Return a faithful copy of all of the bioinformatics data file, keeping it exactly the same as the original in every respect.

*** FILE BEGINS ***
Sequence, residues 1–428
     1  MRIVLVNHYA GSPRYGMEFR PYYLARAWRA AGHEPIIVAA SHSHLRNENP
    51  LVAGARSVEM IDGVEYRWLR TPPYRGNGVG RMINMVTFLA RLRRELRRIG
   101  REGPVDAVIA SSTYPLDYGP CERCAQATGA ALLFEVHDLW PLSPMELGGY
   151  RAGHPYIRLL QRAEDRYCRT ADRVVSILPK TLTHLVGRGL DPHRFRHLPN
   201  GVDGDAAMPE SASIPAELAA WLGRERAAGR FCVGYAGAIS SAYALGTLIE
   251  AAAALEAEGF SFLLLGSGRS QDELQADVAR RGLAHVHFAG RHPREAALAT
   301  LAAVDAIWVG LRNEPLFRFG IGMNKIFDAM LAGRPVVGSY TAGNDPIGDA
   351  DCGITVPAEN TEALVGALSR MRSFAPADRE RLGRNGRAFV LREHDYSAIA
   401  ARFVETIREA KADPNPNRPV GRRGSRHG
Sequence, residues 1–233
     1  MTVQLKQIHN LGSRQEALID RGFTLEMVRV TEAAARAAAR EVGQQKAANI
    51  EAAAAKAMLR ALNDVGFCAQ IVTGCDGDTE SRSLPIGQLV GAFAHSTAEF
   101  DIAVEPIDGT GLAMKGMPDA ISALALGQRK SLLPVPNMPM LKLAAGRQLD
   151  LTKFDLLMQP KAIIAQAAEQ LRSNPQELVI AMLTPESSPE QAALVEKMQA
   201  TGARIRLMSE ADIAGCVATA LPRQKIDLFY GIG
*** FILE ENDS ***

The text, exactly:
Sequence, residues 1–428
     1  MRIVLVNHYA GSPRYGMEFR PYYLARAWRA AGHEPIIVAA SHSHLRNENP
    51  LVAGARSVEM IDGVEYRWLR TPPYRGNGVG RMINMVTFLA RLRRELRRIG
   101  REGPVDAVIA SSTYPLDYGP CERCAQATGA ALLFEVHDLW PLSPMELGGY
   151  RAGHPYIRLL QRAEDRYCRT ADRVVSILPK TLTHLVGRGL DPHRFRHLPN
   201  GVDGDAAMPE SASIPAELAA WLGRERAAGR FCVGYAGAIS SAYALGTLIE
   251  AAAALEAEGF SFLLLGSGRS QDELQADVAR RGLAHVHFAG RHPREAALAT
   301  LAAVDAIWVG LRNEPLFRFG IGMNKIFDAM LAGRPVVGSY TAGNDPIGDA
   351  DCGITVPAEN TEALVGALSR MRSFAPADRE RLGRNGRAFV LREHDYSAIA
   401  ARFVETIREA KADPNPNRPV GRRGSRHG
Sequence, residues 1–233
     1  MTVQLKQIHN LGSRQEALID RGFTLEMVRV TEAAARAAAR EVGQQKAANI
    51  EAAAAKAMLR ALNDVGFCAQ IVTGCDGDTE SRSLPIGQLV GAFAHSTAEF
   101  DIAVEPIDGT GLAMKGMPDA ISALALGQRK SLLPVPNMPM LKLAAGRQLD
   151  LTKFDLLMQP KAIIAQAAEQ LRSNPQELVI AMLTPESSPE QAALVEKMQA
   201  TGARIRLMSE ADIAGCVATA LPRQKIDLFY GIG